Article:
This session is part of the Project Management, Leadership, and Career Development (PM) track of the Summit. The presenter of this session, Nicky Bleiel, has over 20 years of technical communication experience, is Past President of STC, and served as an STC Director-At-Large for five years. She is also a past president of the Pittsburgh Chapter of STC and has won multiple STC competition awards. In addition to these leadership positions, she has served as a judge for various STC competitions, and published and reviewed for STC Summit and STC’s journal, Technical Communication.
For today’s presentation, Ms. Bleiel presented on the key considerations for interviewing subject matter experts (SMEs) and well-known technical communicators. Before conducting your interview, make sure you are well-prepared with questions prepared and preliminary research completed. Be sure to review all product/subject-related information, diagrams and drawings, and related documentation. Do you have a good idea of the tools and technologies this SME uses in their work environment?
When starting the interview, be sure to cover the Five Ws:
• Who would use this feature?
• Why should they use this feature?
• When would users use this feature?
• When shouldn’t they use it?
• What are the prerequisites?
During the interview, consider “WWUA”, or, what would users ask? Step into the intended audience’s shoes to get a good feel for the needed documentation for that user’s experience. In addition, a good interview should include, work to respect the interviewee and their time by sticking to a schedule, remain attentive, adjust yourself to their style of communication, and don’t be afraid to encourage diagramming and whiteboarding ideas during your session.
In an atypical interview environment where the user is not present in person or by phone or video call, asynchronous messaging platforms like Slack, GitHub, and email can be useful. Because you likely will have ample time before the interview to carefully prepare questions, keep these considerations in mind:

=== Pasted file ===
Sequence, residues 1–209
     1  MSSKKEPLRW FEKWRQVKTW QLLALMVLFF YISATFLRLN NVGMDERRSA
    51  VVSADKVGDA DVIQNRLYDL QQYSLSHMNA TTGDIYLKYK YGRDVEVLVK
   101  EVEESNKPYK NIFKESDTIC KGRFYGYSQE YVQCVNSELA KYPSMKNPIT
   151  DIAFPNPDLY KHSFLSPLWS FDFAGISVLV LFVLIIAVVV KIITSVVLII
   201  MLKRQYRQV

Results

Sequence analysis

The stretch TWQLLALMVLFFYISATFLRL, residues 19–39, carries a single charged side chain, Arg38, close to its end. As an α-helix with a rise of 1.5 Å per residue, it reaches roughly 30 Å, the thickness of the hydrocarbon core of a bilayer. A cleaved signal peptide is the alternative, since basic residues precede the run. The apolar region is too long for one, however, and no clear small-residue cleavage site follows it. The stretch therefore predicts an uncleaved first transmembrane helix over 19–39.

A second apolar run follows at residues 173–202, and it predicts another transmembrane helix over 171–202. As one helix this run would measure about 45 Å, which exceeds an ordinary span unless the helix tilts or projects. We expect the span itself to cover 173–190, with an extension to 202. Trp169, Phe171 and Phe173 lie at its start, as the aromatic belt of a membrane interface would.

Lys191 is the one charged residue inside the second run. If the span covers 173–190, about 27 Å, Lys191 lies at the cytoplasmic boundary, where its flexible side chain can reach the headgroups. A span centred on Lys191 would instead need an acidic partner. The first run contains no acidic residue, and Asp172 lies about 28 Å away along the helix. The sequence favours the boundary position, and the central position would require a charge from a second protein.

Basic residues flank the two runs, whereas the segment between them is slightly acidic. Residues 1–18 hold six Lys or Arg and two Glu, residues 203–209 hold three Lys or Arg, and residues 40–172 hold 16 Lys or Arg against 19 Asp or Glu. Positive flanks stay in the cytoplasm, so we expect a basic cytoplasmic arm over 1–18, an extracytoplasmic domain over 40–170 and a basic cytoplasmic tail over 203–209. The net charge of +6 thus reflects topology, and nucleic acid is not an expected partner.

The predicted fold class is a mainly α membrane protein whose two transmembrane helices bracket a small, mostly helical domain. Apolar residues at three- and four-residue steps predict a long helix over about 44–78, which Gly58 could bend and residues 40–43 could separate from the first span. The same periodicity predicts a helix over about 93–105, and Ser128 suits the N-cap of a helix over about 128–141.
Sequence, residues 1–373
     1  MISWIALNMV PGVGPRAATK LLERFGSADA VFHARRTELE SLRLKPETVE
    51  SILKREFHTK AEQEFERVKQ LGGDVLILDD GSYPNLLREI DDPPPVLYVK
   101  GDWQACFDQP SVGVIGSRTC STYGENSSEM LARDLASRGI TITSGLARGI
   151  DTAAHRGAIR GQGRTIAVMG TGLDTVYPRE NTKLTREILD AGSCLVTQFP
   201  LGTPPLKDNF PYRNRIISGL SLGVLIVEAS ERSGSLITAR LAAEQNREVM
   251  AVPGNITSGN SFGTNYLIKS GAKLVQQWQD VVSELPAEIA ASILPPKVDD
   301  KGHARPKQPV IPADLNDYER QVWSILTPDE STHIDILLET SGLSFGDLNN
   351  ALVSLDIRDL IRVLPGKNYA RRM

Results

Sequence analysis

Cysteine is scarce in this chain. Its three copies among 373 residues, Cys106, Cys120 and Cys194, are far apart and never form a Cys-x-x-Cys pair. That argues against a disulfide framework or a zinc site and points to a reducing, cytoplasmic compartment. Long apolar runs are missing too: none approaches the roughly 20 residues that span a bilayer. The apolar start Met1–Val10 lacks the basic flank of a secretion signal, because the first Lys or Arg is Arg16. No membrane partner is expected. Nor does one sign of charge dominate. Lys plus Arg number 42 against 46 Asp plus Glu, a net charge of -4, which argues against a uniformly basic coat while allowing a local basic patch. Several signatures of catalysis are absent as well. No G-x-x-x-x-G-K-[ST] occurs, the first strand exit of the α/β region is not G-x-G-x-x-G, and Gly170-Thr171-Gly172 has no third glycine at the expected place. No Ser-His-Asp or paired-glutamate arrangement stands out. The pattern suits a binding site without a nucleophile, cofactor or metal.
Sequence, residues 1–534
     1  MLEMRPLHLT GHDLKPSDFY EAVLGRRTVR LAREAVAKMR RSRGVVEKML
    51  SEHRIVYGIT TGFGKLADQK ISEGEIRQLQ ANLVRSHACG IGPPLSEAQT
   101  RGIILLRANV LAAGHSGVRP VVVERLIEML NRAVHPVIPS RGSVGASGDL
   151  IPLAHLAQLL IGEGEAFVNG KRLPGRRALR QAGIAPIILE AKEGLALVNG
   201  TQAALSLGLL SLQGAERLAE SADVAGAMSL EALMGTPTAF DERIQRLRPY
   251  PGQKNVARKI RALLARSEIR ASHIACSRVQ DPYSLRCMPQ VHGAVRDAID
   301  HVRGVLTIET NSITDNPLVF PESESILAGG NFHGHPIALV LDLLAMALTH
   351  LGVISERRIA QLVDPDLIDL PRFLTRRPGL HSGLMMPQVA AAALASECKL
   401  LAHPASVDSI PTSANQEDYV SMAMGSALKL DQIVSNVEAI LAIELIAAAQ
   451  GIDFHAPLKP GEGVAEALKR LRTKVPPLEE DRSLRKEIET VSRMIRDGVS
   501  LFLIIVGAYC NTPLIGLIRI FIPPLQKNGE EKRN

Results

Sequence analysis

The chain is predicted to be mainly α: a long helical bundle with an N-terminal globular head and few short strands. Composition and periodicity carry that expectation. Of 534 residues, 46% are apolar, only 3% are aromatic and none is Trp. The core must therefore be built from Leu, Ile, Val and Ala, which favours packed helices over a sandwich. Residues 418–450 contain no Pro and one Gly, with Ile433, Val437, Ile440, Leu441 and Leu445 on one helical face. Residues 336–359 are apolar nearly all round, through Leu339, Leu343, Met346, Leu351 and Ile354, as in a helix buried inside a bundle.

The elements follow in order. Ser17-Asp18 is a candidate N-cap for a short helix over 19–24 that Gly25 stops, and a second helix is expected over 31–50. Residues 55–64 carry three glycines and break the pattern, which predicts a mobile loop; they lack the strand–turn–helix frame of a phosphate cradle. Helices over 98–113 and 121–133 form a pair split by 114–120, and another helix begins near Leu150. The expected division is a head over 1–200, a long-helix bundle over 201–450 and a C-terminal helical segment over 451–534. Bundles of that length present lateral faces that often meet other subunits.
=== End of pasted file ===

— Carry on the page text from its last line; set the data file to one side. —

• Write succinct, clear questions
• Avoid asking questions that have already been answered elsewhere
• Include links to related issues/information
• Always ask who has additional information or where additional information can be found
When interviewing technical communication “celebrities” or luminaries, additional considerations are needed. Be sure to have read their books, blogs, articles, or social media, as well as listen to their podcasts or featured appearances. And while easy to forget about or overlook, send your interviewee a copy of the interview. This will not only ensure you’ve captured their responses accurately, but, will also provide them with a record of responses they can draw on for future interview scenarios.
Ms. Bleiel ended her talk by providing additional resources for finding your footing during the SME interview process. Here are a few of those resources:
Nuts and Bolts: Working With Subject Matter Experts (SMEs)
The Value of Recording Conversations with SMEs
Technical Writing—Cardinal Rule of Interviewing a Subject Matter Expert (SME) For a Document
– Shayla Corprew